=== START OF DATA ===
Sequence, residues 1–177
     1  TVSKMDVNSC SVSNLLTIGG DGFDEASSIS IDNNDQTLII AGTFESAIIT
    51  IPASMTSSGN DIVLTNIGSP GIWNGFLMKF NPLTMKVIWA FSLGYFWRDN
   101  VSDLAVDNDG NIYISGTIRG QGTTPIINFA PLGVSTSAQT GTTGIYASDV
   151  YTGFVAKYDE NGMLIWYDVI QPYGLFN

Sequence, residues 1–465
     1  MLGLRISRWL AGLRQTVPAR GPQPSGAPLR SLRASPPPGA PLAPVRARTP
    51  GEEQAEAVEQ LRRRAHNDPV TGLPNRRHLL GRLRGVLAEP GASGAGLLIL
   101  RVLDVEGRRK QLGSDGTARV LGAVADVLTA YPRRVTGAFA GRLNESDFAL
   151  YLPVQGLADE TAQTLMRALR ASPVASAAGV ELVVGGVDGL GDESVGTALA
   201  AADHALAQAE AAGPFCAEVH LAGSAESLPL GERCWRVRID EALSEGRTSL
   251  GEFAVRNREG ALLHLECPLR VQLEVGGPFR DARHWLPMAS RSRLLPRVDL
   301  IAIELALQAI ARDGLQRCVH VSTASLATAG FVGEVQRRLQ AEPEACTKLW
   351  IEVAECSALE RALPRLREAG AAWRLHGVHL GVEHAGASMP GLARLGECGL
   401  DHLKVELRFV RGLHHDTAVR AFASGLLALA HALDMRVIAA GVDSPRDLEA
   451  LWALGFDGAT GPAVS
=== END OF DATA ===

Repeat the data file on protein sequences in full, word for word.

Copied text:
Sequence, residues 1–177
     1  TVSKMDVNSC SVSNLLTIGG DGFDEASSIS IDNNDQTLII AGTFESAIIT
    51  IPASMTSSGN DIVLTNIGSP GIWNGFLMKF NPLTMKVIWA FSLGYFWRDN
   101  VSDLAVDNDG NIYISGTIRG QGTTPIINFA PLGVSTSAQT GTTGIYASDV
   151  YTGFVAKYDE NGMLIWYDVI QPYGLFN

Sequence, residues 1–465
     1  MLGLRISRWL AGLRQTVPAR GPQPSGAPLR SLRASPPPGA PLAPVRARTP
    51  GEEQAEAVEQ LRRRAHNDPV TGLPNRRHLL GRLRGVLAEP GASGAGLLIL
   101  RVLDVEGRRK QLGSDGTARV LGAVADVLTA YPRRVTGAFA GRLNESDFAL
   151  YLPVQGLADE TAQTLMRALR ASPVASAAGV ELVVGGVDGL GDESVGTALA
   201  AADHALAQAE AAGPFCAEVH LAGSAESLPL GERCWRVRID EALSEGRTSL
   251  GEFAVRNREG ALLHLECPLR VQLEVGGPFR DARHWLPMAS RSRLLPRVDL
   301  IAIELALQAI ARDGLQRCVH VSTASLATAG FVGEVQRRLQ AEPEACTKLW
   351  IEVAECSALE RALPRLREAG AAWRLHGVHL GVEHAGASMP GLARLGECGL
   401  DHLKVELRFV RGLHHDTAVR AFASGLLALA HALDMRVIAA GVDSPRDLEA
   451  LWALGFDGAT GPAVS